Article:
A Republican Senate candidate in Missouri says Facebook banned him from using the social network for 30 days because he used the site to promote his campaign’s AR-15 giveaway.

The candidate, Austin Petersen, published an open letter to Facebook CEO Mark Zuckerberg on his campaign website on Thursday and argued his situation was part of a larger trend of unfairness towards conservatives.

“It’s difficult to ignore that this action comes during a period of heightened tension regarding Facebook’s role in our elections, and its perceived bias against conservative voices,” Petersen wrote.

In his letter, Petersen said he has made Facebook a centerpiece of his campaign’s outreach efforts.

“That’s why, on September 22, I was so shocked to receive a notification from Facebook informing me that I had been ‘blocked’ from using Facebook for thirty days because I ‘recently posted something that violates Facebook’s policies,’” he wrote.

Petersen said a Facebook Live video he posted to his campaign’s page promoting the AR-15 giveaway for supporters was removed. He also said a status update posted to his profile referencing the giveaway was also removed.

“I’m confident that such giveaways are consistent with Facebook’s policies...so it’s unclear to me why such content would warrant an immediate takedown and thirty-day ban,” he said.

A spokesman for Facebook did not immediately return a request for comment from Fox News.

But Facebook’s “community standards” website says the trade of firearms is prohibited on the site.

“The purchase, sale or trade of firearms, ammunition and explosives between private individuals isn't allowed on Facebook,” it says.

Petersen said in the letter that he reached out to Facebook for more information, but he has not yet received an explanation and the block remains in effect.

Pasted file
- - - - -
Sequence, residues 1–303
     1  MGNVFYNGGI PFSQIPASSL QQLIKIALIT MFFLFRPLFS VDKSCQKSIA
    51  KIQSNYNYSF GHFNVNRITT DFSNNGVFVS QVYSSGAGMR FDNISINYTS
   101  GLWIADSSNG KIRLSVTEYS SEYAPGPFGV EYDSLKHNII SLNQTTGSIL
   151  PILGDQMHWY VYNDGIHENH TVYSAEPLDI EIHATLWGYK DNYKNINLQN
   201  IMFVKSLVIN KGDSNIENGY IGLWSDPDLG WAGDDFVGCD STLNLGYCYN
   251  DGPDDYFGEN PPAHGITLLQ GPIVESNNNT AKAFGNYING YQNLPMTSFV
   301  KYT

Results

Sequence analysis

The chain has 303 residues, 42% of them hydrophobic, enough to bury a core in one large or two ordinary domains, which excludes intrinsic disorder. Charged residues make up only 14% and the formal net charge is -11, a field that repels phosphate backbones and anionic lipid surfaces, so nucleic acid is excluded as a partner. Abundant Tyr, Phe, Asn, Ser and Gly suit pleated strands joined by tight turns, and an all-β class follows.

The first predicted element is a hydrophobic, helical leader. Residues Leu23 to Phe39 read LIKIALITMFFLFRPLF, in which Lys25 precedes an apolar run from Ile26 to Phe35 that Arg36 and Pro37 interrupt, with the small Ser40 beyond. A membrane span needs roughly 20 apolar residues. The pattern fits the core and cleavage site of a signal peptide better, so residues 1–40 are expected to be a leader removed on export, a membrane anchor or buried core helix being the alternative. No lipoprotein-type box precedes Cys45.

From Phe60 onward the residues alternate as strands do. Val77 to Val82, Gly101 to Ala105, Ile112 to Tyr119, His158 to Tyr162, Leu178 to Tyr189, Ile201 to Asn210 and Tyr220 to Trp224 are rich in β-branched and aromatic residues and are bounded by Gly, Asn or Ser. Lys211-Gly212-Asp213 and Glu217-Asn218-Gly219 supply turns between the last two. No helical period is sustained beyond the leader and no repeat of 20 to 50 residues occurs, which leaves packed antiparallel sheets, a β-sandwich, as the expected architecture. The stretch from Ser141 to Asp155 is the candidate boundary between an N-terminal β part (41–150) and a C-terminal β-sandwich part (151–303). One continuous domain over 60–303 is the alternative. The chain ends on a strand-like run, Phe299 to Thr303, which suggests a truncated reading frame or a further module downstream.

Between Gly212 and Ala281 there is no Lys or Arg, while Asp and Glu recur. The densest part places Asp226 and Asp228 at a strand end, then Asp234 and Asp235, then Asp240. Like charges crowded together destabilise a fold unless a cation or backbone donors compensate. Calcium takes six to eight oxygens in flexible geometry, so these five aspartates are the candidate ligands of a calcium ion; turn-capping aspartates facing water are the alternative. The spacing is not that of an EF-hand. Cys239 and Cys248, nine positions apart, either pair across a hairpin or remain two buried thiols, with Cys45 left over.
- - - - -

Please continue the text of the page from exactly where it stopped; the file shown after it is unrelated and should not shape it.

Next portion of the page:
He also wrote in the letter that Facebook’s chief operating officer, Sheryl Sandberg, has contributed money to Missouri Democratic Sen. Claire McCaskill – something he says “does not inspire confidence in Facebook’s neutrality.”

Donor records indicate Sandberg donated $5,400 to McCaskill in January.

It’s common for campaigns to create petitions as a way to collect names and contact information of potential supporters. Petersen’s giveaway requires people to sign a petition on his website to be entered to into a raffle for the rifle.

“Austin Petersen will always be a strong ally of the Second Amendment, and we know you will be too,” the site says. “That's why, when you add your name to this petition and stand up to defend the Second Amendment, we'll add your name into a raffle to win an AR-15! Yes, it really is that simple; no strings attached.”

Petersen’s fight with Facebook comes as President Trump has argued the site is biased against him.


“Facebook was always anti-Trump,” the president tweeted Wednesday, amid recent questions about how the site was used by the Russians to try to interfere in the 2016 presidential election.

Facebook’s announced earlier this month that it had uncovered $100,000 worth of fraudulent ad spending across its network tied to the presidential race.

Along with Twitter and Google, Facebook has been invited by lawmakers to testify on Capitol Hill as Congress ramps up scrutiny of Russia’s meddling.